• When these bytes are loaded into the Ibex CPU they are arranged as the 32-bit word: W[31:0] = {D[3][7:0], D[2][7:0], D[1][7:0], D[0][7:0]}.
  • After this word are loaded into the TXDATA window, the LSB (i.e., W[7:0] = D[0][7:0]) is transmitted first, by virtue of the ByteOrder == 1 configuration.

In this way, configuring ByteOrder to match the CPU ensures that data is transmitted in memory-address order.

The value of the ByteOrder parameter can be confirmed by firmware by reading the STATUS.BYTEORDER register field.

Not all data to the SPI device will come from memory however. In many cases the transaction command codes or headers will be constructed or packed on the fly in CPU registers. The order these register bytes are transmitted on the bus will depend on the value of the ByteOrder parameter, as discussed in the Theory of Operation section, and for multi-bit values, such as flash addresses), some byte-swapping may be required to ensure that data is transmitted in the proper order expected by the target device.

For example, SPI flash devices generally expect flash addresses (or any other multi-byte values) to be transmitted MSB-first. This is illustrated in the following figure, which depicts a Fast Quad Read I/O command. Assuming that ByteOrder is set to 1 for Little-Endian devices such as Ibex, byte-swapping will be required for these addresses, otherwise the device will receive the addresses LSB first.

Byte ordering on the bus can also be managed by writing TXDATA as a sequence of discrete bytes using 8-bit transactions, since partially-filled data-words are always sent in the order they are received.

A few examples related to using SPI flash devices on a Little-Endian platform:

  • A 4-byte address can be loaded into the TX FIFO as four individual bytes using 8-bit I/O instructions.
  • The above read command (with 4-byte address) can be loaded into the FIFO by first loading the command code into TXDATA as a single byte, and the address can be loaded into TXDATA using 32-bit instructions, provided the byte order is swapped before loading.
  • Flash transactions with 3-byte addressing require some care, as there are no 24-bit I/O instructions, though there are a several options:
    • After the 8-bit command code is sent, the address can either be sent in several I/O operations (e.g., the MSB is sent as an 8-bit command, and the remaining 16-bits can be sent after swapping)
    • If bandwidth efficiency is a priority, the address, A[23:0], and command code, C[7:0], can all be packed together into a single 4-byte quantity W[31:0] = {A[7:0], A[15:8], A[23:16], C[7:0]}, which when loaded into TXDATA will ensure that the command code is sent first, followed by the address in MSB-first order.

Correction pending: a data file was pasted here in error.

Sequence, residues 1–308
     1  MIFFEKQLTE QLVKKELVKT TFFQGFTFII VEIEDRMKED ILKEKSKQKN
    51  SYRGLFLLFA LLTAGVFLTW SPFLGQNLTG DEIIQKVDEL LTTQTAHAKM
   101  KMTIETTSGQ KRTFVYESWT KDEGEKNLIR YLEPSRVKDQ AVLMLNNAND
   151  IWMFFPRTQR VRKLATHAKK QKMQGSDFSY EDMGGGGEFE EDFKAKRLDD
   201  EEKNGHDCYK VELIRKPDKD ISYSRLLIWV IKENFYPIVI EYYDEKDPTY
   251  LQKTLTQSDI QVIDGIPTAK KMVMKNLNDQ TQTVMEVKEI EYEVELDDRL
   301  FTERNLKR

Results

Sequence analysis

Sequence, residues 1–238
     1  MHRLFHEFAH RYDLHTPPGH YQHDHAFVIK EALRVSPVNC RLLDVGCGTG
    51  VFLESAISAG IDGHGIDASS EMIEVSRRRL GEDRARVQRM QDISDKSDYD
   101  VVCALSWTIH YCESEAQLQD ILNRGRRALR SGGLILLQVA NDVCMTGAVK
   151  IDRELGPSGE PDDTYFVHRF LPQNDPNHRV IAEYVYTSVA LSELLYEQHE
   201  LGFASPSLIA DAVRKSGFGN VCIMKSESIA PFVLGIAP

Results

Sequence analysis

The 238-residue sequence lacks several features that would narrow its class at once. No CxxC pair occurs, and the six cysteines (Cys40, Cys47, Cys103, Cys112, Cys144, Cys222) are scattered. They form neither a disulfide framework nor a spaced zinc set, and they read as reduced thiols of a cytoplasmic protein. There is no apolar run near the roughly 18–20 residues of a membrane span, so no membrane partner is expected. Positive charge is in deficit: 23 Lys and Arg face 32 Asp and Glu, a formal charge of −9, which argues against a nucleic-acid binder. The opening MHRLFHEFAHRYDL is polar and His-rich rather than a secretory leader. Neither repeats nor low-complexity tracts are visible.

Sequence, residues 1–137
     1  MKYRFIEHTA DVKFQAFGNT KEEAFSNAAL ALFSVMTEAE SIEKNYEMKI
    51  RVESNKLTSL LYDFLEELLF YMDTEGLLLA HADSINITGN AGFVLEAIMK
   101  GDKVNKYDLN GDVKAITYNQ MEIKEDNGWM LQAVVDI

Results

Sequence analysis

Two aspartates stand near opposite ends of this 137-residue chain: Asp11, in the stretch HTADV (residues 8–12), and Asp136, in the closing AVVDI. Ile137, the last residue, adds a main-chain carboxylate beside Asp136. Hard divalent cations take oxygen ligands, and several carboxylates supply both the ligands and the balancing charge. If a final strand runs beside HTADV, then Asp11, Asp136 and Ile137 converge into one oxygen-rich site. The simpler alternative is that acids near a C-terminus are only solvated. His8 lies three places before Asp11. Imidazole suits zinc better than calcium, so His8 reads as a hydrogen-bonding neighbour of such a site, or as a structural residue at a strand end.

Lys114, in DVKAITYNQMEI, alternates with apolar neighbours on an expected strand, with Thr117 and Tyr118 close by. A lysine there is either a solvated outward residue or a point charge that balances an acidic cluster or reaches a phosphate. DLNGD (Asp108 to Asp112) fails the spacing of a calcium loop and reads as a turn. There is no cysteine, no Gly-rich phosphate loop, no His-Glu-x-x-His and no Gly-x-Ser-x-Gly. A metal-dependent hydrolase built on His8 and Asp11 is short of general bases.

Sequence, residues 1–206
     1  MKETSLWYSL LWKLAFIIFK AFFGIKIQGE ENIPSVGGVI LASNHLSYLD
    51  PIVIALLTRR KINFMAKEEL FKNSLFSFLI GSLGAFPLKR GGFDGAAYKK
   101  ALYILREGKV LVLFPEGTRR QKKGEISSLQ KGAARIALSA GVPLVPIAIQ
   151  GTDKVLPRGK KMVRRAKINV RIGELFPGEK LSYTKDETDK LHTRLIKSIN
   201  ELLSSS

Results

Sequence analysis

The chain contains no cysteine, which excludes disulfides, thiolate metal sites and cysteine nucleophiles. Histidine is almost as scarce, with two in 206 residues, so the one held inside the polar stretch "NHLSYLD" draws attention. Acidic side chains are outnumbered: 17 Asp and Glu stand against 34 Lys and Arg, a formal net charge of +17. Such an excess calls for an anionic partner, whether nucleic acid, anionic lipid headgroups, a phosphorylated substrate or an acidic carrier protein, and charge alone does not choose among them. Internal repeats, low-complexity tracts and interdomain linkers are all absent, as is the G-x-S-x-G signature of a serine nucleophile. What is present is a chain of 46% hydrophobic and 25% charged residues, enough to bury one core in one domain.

Segmenting Considerations

Data words are not shared across segments. If at the end of each TX (or bidirectional) segment there is a partially transmitted data word then any unsent bytes will be discarded as the SPI_HOST IP closes the segment. For the next TX segment, the transmitted data will start with the following word from the TX FIFO.

Refilling the TX FIFO

For extremely long transactions, the TX FIFO may not have enough capacity to hold all the data being transmitted. In this case software can either poll the STATUS.TXQD register to determine the number of elements in the TX FIFO, or enable the SPI_HOST IP to send an interrupt when the FIFO drains to a certain level. If INTR_ENABLE.spi_event and EVENT_ENABLE.TXWM are both asserted, the IP will send an interrupt whenever the number of elements in the TX FIFO falls below CONTROL.TX_WATERMARK.

Specifying the Segments

Each write to the COMMAND register corresponds to a single command segment. The length, CSAAT flag, direction and speed settings for that segment should all be packed into a single 32-bit register and written simultaneously to COMMAND.

The COMMAND should only be written when STATUS.READY is asserted.

While each command segment is being processed, the SPI_HOST has room to queue up exactly one additional segment descriptor in the Command Clock Domain Crossing. Once a second command segment descriptor has been submitted, software must wait for the state machine to finish processing the current segment before submitting more. Software can poll the STATUS.READY field to determine when it is safe to insert another segment descriptor. Otherwise the EVENT_ENABLE.IDLE bit can be enabled (along with INTR_ENABLE.spi_event) to trigger an event interrupt whenever STATUS.READY is asserted.

Reading Back the Device Response

Once an RX segment descriptor has been submitted to the SPI_HOST, the received data will be available in the RX FIFO after the first word has been received.